The Pisces by Melissa Broder

The Pisces

Melissa Broder

The Pisces is a story about falling in obsessive love with a merman, whose very existence pushes Lucy to question everything she thought she knew about love, lust, and meaning in the one life we have.

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“Bold, virtuosic, addictive, erotic – there is nothing like The Pisces. I have no idea how Broder does it, but I loved every dark and sublime page of it.” —Stephanie Danler, author of Sweetbitter 
 
Lucy has been writing her dissertation on Sappho for nine years when she and her boyfriend break up in a dramatic flameout. After she bottoms out in Phoenix, her sister in Los Angeles insists Lucy dog-sit for the summer. Annika's home is a gorgeous glass cube on Venice Beach, but Lucy can find little relief from her anxiety — not in the Greek chorus of women in her love addiction therapy group, not in her frequent Tinder excursions, not even in Dominic the foxhound's easy affection.
 
Everything changes when Lucy becomes entranced by an eerily attractive swimmer while sitting alone on the beach rocks one night. But when Lucy learns the truth about his identity, their relationship, and Lucy’s understanding of what love should look like, take a very unexpected turn. A masterful blend of vivid realism and giddy fantasy, pairing hilarious frankness with pulse-racing eroticism, THE PISCES is a story about falling in obsessive love with a merman: a figure of Sirenic fantasy whose very existence pushes Lucy to question everything she thought she knew about love, lust, and meaning in the one life we have.


Advance Galley Reviews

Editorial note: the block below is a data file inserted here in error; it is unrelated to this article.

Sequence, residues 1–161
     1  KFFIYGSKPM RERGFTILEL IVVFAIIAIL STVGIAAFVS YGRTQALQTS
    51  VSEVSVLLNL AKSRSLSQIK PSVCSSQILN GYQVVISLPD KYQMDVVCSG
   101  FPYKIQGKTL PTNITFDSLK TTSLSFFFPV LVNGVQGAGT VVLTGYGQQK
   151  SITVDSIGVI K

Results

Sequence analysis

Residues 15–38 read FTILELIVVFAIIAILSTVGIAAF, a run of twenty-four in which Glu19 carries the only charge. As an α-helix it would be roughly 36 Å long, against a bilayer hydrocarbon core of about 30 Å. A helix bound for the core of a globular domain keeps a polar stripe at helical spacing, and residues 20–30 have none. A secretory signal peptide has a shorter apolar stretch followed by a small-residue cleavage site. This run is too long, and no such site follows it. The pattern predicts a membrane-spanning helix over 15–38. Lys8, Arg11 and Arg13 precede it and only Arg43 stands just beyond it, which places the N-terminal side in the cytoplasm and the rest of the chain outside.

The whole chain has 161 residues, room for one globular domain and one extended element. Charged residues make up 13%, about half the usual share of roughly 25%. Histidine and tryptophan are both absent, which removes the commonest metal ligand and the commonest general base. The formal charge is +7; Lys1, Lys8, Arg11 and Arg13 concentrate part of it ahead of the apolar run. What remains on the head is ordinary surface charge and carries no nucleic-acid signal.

Lucy has inadvertently broken up with her long-time boyfriend. She didn’t mean to suggest a separation but that’s what happened. She never wanted him as much as when she didn’t have him. He’s now found someone else and Lucy plunges into depression. Luckily her sister has invited her to house and dog sit for her and she joins a therapy group of lovelorn women. But nothing turns around for Lucy until she meets a mysterious swimmer with a secret. OK, I confess, I made a mistake in requesting this book. I had read about it and didn’t think it was a book for me. But weeks went by and I saw a review by Kirkus Press that spiked my interest showing a different cover and I requested it. When I realized which book I had requested, I knew I had made a mistake. But I decided to go into this book with as open a mind as I could and give it every chance. Which I really did. Although this book is marketed as being hilarious, I found it to be horribly depressing. Do women really feel like this about their relationships with men? How awful to contemplate such a state. The book is also marketed as being erotic but I didn’t see it as erotic at all, only extremely sexually explicit, which are two different things. Lucy’s irresponsibility in her care of her sister’s home and ill dog was beyond belief. This was not a young, impressionable girl but a 38-year-old woman. There was nothing about Lucy that I could relate to. To any animal lovers reading this review, beware of the heartless neglect of a dog which destroyed any sympathy I may have felt for Lucy. I recently saw “The Shape of Water” and enjoyed it very much. I had hoped in reading “The Pisces” that there would be traces of that story that would lend some beauty to the book but any similarity is very superficial. Granted, I don’t believe it was the author’s intent to write a beautiful love. The book did hold my interest but in looking back at it, it just left me with a bad feeling all around and I can’t recommend it.